Standing water on Mars in PIA16550

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posted on Dec, 18 2012 @ 12:15 PM
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But I will say that the surface shown in the pic NEEDS lake so that I will have the opportunity to skip some rocks if I'm an astronaut. Look at how many rocks there're! Perfect for skipping.

But seriously, it still looks very much like earth. The fact that they're both rocky planets is apparent, yes. Some NASA pictures have the red worked out of them too and they're remarkably earth-like.

Wouldn't it be weird to be on a planet that has a river and contemplating the fact that earht is some 30-60 light years away? I wonder if that day will come in the next 30,000 years? Or ever?

They've found an exo-planet that might have an ocean:
www.cosmosmagazine.com - First "serious candidate" for ocean planet...
edit on 18-12-2012 by jonnywhite because: (no reason given)




posted on Dec, 18 2012 @ 12:21 PM
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Seems like there are more of these pools.

Pools on Mars

And there are also some odd shaped rocks around these pools.



posted on Dec, 18 2012 @ 12:37 PM
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Mmmmm i know i am just seeing symmetry and making my own natural comparisons, but its a beautiful shape that i have only ever seen in nature as a seashell.

I digress....shells don't have legs.
edit on 18-12-2012 by Thorneblood because: (no reason given)



posted on Dec, 18 2012 @ 12:39 PM
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The shadows of the rocks on the smooth fine sand does create an interesting optical illusion at first glance. Not water, though.



posted on Dec, 18 2012 @ 12:49 PM
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cdn.c.photoshelter.com...

farm2.static.flickr.com...

www.sonoloco.com...

farm8.staticflickr.com...

l.rgbimg.com...
erosion lake



Water eroded rocks. Water showing up in the one clear picture, and the other ones showing damp dirt and silt from a creek.



posted on Dec, 18 2012 @ 12:50 PM
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Another pool of water...maybe muddy water from Sol106 Mastcam camera.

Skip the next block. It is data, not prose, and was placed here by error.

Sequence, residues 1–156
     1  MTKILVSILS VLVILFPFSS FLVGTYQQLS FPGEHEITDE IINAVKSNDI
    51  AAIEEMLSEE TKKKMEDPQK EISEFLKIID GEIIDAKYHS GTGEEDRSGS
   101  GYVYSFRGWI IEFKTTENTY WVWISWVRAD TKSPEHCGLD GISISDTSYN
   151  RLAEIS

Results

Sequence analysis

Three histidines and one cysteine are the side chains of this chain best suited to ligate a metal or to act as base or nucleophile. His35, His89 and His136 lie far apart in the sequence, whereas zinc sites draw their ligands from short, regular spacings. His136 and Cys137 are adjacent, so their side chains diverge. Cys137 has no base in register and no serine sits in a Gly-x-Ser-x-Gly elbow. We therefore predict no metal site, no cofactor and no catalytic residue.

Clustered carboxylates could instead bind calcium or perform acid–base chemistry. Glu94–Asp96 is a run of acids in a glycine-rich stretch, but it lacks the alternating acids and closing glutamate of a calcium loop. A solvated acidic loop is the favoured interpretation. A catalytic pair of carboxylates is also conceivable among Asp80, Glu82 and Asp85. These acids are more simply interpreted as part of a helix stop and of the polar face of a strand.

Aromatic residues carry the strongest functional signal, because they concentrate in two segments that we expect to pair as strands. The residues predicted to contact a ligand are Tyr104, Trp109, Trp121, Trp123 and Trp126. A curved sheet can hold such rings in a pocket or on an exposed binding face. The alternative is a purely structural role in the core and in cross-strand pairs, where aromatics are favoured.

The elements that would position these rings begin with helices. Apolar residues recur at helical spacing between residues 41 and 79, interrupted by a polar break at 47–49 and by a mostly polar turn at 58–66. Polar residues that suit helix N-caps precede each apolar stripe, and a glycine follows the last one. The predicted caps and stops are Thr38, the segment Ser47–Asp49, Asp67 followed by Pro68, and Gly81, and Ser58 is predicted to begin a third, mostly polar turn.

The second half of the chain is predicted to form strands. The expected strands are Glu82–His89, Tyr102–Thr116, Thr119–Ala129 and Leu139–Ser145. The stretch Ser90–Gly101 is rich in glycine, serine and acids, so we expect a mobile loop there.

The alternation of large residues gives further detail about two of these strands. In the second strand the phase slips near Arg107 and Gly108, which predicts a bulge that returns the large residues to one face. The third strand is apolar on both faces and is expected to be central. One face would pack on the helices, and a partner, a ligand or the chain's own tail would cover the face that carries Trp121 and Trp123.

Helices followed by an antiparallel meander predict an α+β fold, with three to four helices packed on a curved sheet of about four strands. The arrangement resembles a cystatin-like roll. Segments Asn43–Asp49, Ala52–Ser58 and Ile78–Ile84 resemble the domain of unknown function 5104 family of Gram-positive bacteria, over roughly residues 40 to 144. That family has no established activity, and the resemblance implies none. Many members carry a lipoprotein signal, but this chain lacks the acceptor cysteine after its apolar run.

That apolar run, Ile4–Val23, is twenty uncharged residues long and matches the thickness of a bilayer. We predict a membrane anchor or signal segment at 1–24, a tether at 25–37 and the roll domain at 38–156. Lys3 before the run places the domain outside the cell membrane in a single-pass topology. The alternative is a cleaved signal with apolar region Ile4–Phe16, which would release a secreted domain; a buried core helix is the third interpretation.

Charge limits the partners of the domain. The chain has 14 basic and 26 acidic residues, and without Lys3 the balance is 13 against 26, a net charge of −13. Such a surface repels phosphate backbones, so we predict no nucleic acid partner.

Link to larger image

But if you look close enought...it is not water. But a pool of finely grained martian dust among the rocks.
edit on 18-12-2012 by 0pass because: (no reason given)



posted on Dec, 18 2012 @ 12:51 PM
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reply to post by Unity_99
 


Yep. and that looks nothing like the picture from Mars.

Note the high reflectivity of the water's surface (and the disturbance ripples on that surface too).



posted on Dec, 18 2012 @ 12:51 PM
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Beautiful pics.....still if you go in and play with the color on those pics and push it towards a more Martian surface look you can still tell what it and isn't water.
edit on 18-12-2012 by Thorneblood because: (no reason given)



posted on Dec, 18 2012 @ 12:56 PM
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Not that size does have anything to do with it - water is water IF it's water.


image with 10cms ruler

3 views from left mastcam (as opposed to the right one in the original post)
image 1
image 2
image 3



posted on Dec, 18 2012 @ 01:05 PM
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reply to post by qmantoo
 

And where exactly is this water?? All i see is dry sand in that photo. And it is no secret that mars has plenty of water but it is currently mostly hidden underneath the surface or as ice in polar regions.



posted on Dec, 18 2012 @ 01:11 PM
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reply to post by LordDrakula
 

Those are shadows caused by sun and not reflections. How the hell can you mistake shadows for reflection?



posted on Dec, 18 2012 @ 01:11 PM
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Originally posted by qmantoo